Home News Roanoke Women March Downtown with Force, Power and Resistance

Roanoke Women March Downtown with Force, Power and Resistance

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Written by David Hall

The night before Saturday’s Roanoke’s Women’s March, Freshmen Ava McCartin and her roommate Zoe Manoukian were fraught over what kind of sign they’d bring to the rally when they remembered.

“So [Manoukian] had stolen this ‘Don’t Tread on Me’ flag from a frat at OSU and this cat crocheted to our door,” said McCartin. “And so, naturally, we took it off and, with some rainbow duct tape, we put it on the flag. And we got really excited making this stupid sign. It ended up saying ‘Don’t Tread on my Pussy.”

When the day came, they were running late. So when they saw people in the street while on their way, the pair, accompanied by some friends, abandoned their cab right there to join their fellow marchers. Both Manoukian and McCartin expressed pleasant surprise at the turnout, which is estimated near 4,000 as reported by the Roanoke Times.

Unfortunately, they were too late to hear the speakers, a diverse collection women that featured Danielle Belton. Belton is the Editor-in-Chief of The Root, an online magazine focused on issues in the Black community. Youth activist Tallulah Costa and leaders from Republican Women for Progress joined Belton as speakers for the event. Freshman Gabby Moghtadaie was there for the speakers.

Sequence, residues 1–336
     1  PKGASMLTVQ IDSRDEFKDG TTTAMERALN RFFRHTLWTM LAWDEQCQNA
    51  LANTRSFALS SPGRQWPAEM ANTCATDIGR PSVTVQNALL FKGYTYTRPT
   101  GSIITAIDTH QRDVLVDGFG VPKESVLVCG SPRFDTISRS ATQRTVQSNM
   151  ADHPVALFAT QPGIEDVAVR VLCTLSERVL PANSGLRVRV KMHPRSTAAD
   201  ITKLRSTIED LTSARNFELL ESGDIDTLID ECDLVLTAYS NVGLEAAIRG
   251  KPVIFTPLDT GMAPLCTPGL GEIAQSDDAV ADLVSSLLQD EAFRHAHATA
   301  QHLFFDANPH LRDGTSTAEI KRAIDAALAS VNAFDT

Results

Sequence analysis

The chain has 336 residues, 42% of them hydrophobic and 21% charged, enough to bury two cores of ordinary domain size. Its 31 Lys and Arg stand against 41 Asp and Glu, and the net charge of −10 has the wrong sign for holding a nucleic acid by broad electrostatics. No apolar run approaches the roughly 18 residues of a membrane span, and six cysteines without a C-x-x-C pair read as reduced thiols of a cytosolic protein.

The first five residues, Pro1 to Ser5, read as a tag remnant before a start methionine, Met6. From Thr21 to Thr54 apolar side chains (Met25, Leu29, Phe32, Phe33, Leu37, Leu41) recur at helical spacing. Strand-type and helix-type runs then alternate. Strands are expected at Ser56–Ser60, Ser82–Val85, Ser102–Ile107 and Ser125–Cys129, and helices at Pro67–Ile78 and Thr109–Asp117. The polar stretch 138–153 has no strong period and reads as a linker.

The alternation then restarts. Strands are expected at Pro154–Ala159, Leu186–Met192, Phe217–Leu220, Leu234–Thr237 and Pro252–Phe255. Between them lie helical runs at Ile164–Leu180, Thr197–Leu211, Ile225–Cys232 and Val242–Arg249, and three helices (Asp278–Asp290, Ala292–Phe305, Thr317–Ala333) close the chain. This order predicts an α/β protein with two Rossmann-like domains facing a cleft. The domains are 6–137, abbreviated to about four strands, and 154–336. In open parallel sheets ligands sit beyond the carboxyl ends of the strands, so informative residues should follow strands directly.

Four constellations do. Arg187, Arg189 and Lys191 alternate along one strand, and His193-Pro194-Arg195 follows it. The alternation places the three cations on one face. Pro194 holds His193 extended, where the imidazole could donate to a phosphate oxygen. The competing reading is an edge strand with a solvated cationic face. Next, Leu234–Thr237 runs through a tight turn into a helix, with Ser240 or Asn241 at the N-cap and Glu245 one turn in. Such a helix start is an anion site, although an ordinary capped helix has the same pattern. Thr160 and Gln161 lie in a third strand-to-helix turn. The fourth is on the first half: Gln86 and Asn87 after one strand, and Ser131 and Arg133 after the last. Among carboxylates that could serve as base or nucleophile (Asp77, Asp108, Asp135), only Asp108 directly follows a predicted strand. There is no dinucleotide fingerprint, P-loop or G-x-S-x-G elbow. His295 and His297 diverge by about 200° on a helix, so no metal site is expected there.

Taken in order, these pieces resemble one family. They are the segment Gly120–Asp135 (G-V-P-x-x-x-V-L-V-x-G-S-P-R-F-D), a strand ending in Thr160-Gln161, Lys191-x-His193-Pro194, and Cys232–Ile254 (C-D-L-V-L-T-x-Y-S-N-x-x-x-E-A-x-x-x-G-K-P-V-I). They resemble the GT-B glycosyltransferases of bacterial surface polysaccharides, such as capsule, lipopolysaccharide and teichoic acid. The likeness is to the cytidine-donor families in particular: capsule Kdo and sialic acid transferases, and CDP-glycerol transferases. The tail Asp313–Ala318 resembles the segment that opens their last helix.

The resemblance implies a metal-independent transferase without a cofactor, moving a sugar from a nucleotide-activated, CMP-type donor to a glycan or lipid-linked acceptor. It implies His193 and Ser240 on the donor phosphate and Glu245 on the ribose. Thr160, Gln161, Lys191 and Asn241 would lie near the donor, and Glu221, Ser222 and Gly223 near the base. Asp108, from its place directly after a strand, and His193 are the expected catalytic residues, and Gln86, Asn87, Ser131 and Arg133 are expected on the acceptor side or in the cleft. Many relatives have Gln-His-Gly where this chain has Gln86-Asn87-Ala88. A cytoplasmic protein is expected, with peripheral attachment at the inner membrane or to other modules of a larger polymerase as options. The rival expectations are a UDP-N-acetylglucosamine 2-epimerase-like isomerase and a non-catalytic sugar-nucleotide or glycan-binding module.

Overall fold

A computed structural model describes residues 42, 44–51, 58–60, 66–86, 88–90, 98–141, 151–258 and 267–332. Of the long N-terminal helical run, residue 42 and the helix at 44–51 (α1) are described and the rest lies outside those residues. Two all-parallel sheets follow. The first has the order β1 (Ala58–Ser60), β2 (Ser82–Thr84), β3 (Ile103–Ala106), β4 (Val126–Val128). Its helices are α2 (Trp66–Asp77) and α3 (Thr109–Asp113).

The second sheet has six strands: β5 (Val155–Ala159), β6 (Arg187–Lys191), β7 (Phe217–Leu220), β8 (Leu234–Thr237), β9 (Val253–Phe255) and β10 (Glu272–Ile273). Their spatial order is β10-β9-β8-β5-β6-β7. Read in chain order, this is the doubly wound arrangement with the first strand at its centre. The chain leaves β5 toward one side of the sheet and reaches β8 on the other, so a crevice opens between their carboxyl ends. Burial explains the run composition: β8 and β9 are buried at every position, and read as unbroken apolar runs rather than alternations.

“They all had something different to say and they all we were really interesting. They all touched on different things so it was really interesting to hear about them and their experience,” said Moghtadaie.

A year has passed since the first women’s march which garnered 1-4 million people in protests across the country and although, attendance was lower this year, it seems the women’s movement has no intention of slowing down. According to Emily’s List, an NGO  focused on running women for office has said they’ve been contacted by over 22,000 women interested in seeking candidacy, an all-time high.

Also worth mentioning is the #metoo phenomenon, a movement that has moved with avalanche speed. For the first time victims of sexual assault and harassment are being recognized and listened to more than ever. But for those as determined as McCartin and Manoukian, there’s still a lot of work to do. Although impressed with the crowd size, both expressed at least some disappointment about the lack of enthusiasm at the march.

“People were very quiet,” said Manoukian. “I’m from Columbus, Ohio and I have a lot of family in DC so last year especially when we would participate in these protests people were very noisy. Everyone was shouting and chanting and calling to attention to the group…[here] a lot of people here were silently walking along.”

Depending on perspective, the march can be seen as an act of resistance against the Trump administration or as an act of support of women’s issues generally.

“Even though I don’t think it’s important which side of the political spectrum you are, I think it’s important for to go and fight for what you’re passionate about,” said Moghtadaie. “And I think that’s less of a party issue, it’s more of a person issue.”